'Parents' and Carers' Guide to the Internet'
In contributing to Safer Internet Day and to help get you started , the UK's Child Exploitation and Online Protection (CEOP) Centre today launched the 'Parents' and Carers' Guide to the Internet' - a short, entertaining TV-style program looking at what it's like to bring up children in the online world. You can watch this program online to help you:
• stay up-to-date with the technology your children are using;
• understand steps you can take to keep your children safe online; and
• know what action to take and where to seek further support if things go wrong.
Visit www.thinkuknow.co.uk/parents to watch the program and access information on how to keep your family safe online.
As we live in an ever increasing digital world, it's important that we take time to understand how our personal information is collected and used as well as how we can take steps to protect that information. iKeepSafe has a list of steps consumers can take to protect their privacy when using electronic devices ranging from laptops, to smartphones, game consoles and e-readers. Take a moment to review the Simple Steps to Safer Devices to help protect your family's privacy.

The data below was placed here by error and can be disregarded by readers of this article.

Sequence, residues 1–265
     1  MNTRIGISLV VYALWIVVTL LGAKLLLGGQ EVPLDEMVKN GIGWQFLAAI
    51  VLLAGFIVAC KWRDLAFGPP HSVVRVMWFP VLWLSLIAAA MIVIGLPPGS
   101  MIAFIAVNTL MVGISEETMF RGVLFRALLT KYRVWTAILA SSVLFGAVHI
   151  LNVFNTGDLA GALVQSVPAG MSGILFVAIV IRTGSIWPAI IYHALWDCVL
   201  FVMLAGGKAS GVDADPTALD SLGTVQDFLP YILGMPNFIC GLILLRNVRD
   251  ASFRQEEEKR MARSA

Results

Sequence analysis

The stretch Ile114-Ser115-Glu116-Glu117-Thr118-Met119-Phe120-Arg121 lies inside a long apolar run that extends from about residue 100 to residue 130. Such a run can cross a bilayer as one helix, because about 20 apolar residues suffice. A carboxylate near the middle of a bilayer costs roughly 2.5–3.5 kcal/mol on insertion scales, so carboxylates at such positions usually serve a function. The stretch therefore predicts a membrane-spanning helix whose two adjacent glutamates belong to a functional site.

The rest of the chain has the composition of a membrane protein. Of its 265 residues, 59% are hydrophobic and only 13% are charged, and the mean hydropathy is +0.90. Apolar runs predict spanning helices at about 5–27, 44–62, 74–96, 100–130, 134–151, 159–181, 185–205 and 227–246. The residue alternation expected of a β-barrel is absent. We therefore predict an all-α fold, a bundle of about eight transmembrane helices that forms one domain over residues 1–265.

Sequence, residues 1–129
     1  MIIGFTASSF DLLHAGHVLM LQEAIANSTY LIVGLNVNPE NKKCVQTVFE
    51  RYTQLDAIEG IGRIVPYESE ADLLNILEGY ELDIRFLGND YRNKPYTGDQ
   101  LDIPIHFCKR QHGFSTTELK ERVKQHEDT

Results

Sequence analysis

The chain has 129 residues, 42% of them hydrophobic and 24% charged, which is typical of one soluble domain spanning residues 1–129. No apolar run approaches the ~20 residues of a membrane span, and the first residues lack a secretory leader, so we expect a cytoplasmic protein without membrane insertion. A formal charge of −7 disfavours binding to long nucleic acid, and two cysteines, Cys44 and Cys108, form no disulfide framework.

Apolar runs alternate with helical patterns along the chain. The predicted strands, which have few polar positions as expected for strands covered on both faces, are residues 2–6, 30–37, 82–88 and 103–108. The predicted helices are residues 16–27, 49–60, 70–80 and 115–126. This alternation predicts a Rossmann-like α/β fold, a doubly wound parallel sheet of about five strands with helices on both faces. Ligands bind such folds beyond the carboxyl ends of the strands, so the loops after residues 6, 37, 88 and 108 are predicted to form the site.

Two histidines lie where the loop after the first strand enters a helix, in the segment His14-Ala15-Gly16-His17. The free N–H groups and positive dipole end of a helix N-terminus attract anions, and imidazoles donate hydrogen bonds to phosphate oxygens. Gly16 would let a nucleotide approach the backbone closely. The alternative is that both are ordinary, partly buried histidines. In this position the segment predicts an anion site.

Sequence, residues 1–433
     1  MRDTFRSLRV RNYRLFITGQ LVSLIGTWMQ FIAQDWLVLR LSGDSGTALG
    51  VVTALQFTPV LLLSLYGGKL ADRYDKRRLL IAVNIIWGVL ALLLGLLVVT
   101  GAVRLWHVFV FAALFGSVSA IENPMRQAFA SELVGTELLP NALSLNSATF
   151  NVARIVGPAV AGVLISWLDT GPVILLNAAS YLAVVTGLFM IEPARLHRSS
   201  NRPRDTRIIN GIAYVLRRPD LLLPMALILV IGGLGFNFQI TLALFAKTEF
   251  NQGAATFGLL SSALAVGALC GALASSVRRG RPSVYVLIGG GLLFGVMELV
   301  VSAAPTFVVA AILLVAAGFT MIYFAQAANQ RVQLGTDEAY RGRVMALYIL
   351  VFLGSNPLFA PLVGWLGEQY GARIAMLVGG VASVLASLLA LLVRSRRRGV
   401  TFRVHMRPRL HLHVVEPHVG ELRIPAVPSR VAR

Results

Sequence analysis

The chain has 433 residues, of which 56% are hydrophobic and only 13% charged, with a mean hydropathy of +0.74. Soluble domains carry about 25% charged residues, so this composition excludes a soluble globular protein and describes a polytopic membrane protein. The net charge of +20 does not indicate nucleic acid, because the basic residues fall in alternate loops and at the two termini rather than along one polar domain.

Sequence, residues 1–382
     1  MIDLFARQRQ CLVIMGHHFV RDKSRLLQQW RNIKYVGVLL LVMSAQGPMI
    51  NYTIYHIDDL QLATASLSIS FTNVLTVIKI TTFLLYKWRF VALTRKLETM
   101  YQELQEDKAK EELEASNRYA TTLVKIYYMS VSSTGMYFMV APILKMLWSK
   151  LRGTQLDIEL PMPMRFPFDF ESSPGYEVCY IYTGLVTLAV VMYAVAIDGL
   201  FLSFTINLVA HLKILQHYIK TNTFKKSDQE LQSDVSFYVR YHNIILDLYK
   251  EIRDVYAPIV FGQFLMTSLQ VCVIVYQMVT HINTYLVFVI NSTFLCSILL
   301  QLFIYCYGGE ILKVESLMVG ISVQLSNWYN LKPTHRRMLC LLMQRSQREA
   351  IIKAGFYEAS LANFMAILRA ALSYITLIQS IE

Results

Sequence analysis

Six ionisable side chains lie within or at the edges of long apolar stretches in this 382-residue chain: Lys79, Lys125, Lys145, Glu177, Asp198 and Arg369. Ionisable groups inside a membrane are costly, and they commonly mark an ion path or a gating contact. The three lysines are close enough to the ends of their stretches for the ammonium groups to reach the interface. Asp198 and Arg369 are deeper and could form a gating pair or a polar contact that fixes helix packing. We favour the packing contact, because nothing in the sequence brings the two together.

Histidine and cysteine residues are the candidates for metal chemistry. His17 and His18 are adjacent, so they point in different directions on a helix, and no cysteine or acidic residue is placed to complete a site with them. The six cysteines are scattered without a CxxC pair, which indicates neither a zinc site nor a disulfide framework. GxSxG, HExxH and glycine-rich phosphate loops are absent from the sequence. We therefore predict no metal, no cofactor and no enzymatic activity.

By following some simple steps, consumers can protect their data privacy when using electronic devices.
Consumers of all ages are using more and more digital devices to do more than just check their email. Today, devices are used to do things such as: access the Internet, carry out banking transactions, social networking, and shopping. For children and adults alike, using these wonderful devices brings some unwanted risks.
Here is what consumers need to do to keep information secure on those devices:
Protecting a computer or laptop
Every computer and laptop needs: